Page 5: The United States’ Nuclear Testing Programme

From 1946 to 1958, the Bikini Atoll–a Micronesian, volcanic island group in the Pacific Ocean (part of the Marshall Islands)–was “home” to 23, U.S.-conducted, nuclear detonations, including the first true Hydrogen bomb test, in 1954.

Environmental impacts

According to the U.S. Centers for Disease Control and Prevention, the tests in the Marshall Islands released 6.3 billion curies (See Chart 2) of I-131 alone, which is 42 times the amount released by atmospheric nuclear testing in Nevada.

After the Bravo test, the soil and water at Bikini atoll contained radioactive isotopes of caesium, cobalt, strontium, americium, and plutonium (see Chart 1). In Radioactivity and Rights Clashes at Bikini Atoll, Ruth Levy Guyer describes how the radioactivity in the lagoon and sea eventually disappeared as a result of slow and steady dilution in the ocean. The radioactivity, however, has remained on the islands. Coconuts on Bikini are still radioactive because coconut palm trees absorb caesium-137 and other radioactive elements from the soil. These elements are then concentrated in the fruit.

Islanders evacuated again

In 1972, more than 100 people moved back to Bikini after the United States declared the island to be “radiologically safe”. Laboratory tests in 1978, however, indicated that the returnees’ had ingested unacceptably high levels of caesium-137 and strontium-90, and they were again evacuated from the island.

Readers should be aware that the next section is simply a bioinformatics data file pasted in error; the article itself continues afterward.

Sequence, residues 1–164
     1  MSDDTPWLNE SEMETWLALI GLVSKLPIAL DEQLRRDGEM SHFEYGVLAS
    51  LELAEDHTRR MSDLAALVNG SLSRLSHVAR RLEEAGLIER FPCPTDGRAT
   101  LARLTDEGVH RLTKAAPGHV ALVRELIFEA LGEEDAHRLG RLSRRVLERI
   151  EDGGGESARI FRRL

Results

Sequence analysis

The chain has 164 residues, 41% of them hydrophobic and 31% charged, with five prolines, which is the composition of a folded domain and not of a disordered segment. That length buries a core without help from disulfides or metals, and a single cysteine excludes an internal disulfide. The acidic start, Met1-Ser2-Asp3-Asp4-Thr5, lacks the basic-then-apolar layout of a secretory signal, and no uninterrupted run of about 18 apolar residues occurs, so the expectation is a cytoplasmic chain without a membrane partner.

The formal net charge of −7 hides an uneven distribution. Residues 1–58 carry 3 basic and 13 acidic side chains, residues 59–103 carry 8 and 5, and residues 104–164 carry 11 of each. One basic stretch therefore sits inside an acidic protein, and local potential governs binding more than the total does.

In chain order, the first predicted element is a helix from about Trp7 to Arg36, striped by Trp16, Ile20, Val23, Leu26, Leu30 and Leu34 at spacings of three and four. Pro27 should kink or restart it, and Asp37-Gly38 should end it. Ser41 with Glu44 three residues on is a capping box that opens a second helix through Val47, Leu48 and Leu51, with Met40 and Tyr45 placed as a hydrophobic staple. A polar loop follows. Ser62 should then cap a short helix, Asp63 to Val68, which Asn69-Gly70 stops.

Coconuts on Bikini are still radioactive because coconut palm trees absorb caesium 137 and other radioactive elements from the soil. These elements are then concentrated in the fruit.
"A Marshallese woman with her child, whom she believes was born with deformities caused by radioactive fallout." Photograph by Dennis O'Rourke © Copyright Camerawork Pty Ltd.

IAEA report confirms previously recorded values

In response to a request by the Government of the Marshall Islands to conduct an independent review of the radiological conditions at Bikini atoll, the International Atomic Energy Agency (IAEA) sent an environmental monitoring team there in May 1997. The team performed a limited programme of environmental measurements and sampling. Measurements were made of the absorbed dose rate in the air and of the concentration of the most radiologically significant radionuclides in samples of soil and foodstuffs. Measurements taken during the survey generally validated the data that had been collected previously. The IAEA review recommended that “Bikini Island should not be permanently resettled under the present radiological conditions. This recommendation was based on the assumption that persons resettling on the island would consume a diet of entirely locally produced food. The radiological data support that if a diet of this type were permitted, it could lead to an annual effective dose of about 15 mSv. This level was judged to require intervention of some type for radiation protection purposes.”